What is Human Ecology? Learn About Your Impact on Biodiversity

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What is Ecology?

The word ecology is being used more and more as environmental issues become increasingly reported on in the news. But surprisingly few people can actually define this important term. Generally, when scientist uses the word ecology, they are referring to an organism’s relationship with other plant and animal species in its environment and with biotic, or nonliving, components of the environment as well. But did you know that humans have an ecology, to? Many argue that if more people understood this important concept and applied it to human life, we would be far more aware of our actions and how they affect our immediate and global ecosystems.

Assessing Human Ecology

Human populations, like all animal and plant populations, require and consume resources while also producing waste. Despite how closely attuned many of us are with our local communities, few of us truly understand where our resources come from and where our waste goes. In other words, we do not have a good understanding of human ecology.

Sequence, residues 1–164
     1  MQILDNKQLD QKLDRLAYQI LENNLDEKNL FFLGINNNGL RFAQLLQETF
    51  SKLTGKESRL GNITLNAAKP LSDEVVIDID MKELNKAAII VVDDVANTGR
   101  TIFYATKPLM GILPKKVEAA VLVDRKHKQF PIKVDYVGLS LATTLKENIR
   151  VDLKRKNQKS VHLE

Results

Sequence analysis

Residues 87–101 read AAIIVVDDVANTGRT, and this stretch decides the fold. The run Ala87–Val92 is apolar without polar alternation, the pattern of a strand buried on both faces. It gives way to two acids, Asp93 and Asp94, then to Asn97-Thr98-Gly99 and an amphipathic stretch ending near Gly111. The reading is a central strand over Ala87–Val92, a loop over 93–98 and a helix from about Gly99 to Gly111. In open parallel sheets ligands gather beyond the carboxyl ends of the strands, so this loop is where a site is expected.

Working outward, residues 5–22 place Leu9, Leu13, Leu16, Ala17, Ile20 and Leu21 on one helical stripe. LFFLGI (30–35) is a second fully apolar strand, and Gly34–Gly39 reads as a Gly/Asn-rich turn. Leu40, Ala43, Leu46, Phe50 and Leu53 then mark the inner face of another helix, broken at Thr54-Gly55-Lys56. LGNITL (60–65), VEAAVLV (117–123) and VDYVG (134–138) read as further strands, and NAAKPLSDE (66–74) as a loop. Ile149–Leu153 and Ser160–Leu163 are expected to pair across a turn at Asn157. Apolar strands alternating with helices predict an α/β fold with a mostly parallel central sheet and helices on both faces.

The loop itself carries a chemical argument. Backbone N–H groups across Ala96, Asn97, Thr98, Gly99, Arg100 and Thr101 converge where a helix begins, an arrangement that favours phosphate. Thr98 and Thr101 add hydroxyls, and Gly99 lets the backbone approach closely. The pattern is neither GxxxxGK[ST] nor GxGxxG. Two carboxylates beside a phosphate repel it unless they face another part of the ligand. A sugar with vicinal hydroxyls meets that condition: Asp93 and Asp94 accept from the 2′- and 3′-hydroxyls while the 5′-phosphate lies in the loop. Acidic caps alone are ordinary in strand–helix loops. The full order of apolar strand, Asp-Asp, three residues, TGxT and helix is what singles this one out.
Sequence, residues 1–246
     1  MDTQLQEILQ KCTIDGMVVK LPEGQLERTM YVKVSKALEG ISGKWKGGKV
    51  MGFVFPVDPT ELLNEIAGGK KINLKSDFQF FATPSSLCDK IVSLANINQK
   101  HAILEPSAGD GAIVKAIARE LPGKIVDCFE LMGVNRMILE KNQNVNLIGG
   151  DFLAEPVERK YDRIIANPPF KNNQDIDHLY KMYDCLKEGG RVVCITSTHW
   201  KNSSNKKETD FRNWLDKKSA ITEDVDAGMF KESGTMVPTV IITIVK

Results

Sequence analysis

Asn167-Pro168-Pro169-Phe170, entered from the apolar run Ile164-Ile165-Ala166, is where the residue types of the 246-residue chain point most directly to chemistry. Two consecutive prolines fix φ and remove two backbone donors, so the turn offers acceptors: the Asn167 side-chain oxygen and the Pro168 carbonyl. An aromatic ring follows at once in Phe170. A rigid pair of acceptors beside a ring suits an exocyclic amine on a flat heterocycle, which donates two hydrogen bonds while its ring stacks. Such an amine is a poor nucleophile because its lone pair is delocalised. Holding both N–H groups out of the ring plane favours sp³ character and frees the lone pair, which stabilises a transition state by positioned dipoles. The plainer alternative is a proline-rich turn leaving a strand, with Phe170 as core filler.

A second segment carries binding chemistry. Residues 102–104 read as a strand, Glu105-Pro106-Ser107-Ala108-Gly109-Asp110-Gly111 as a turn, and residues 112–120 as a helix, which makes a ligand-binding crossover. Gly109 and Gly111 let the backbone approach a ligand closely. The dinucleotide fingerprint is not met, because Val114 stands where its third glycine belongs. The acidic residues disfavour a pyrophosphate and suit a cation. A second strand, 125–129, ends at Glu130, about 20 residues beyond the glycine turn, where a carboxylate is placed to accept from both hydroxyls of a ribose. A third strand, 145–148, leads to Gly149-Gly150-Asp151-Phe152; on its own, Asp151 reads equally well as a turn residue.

Understanding our ecology is important so that we realize the capacity of the natural environment in our bioregion and design ways of living that maximize a region’s natural gifts and respect of its limits. The consequences of not understanding the impact that our human communities have on the surrounding biological community cause pollution, biodiversity loss and depletion of natural resources. To assess your own ecological awareness as it relates to your life, see if you can answer the following questions.

1. What body of water serves as your source of tap water?

2. What are the main agricultural crops that are produced in your area?

3. How is your electricity generated?

4. Where does your garbage go after you take out the trash?

5. What happens to the waste in your toilet once it’s flushed?

Could you answer one or more of these important questions? For the ones that remain a mystery, seek out the answers using local resources to help you learn more. Most often, workers at local utility companies and water treatment companies are more than happy to explain how their operations work.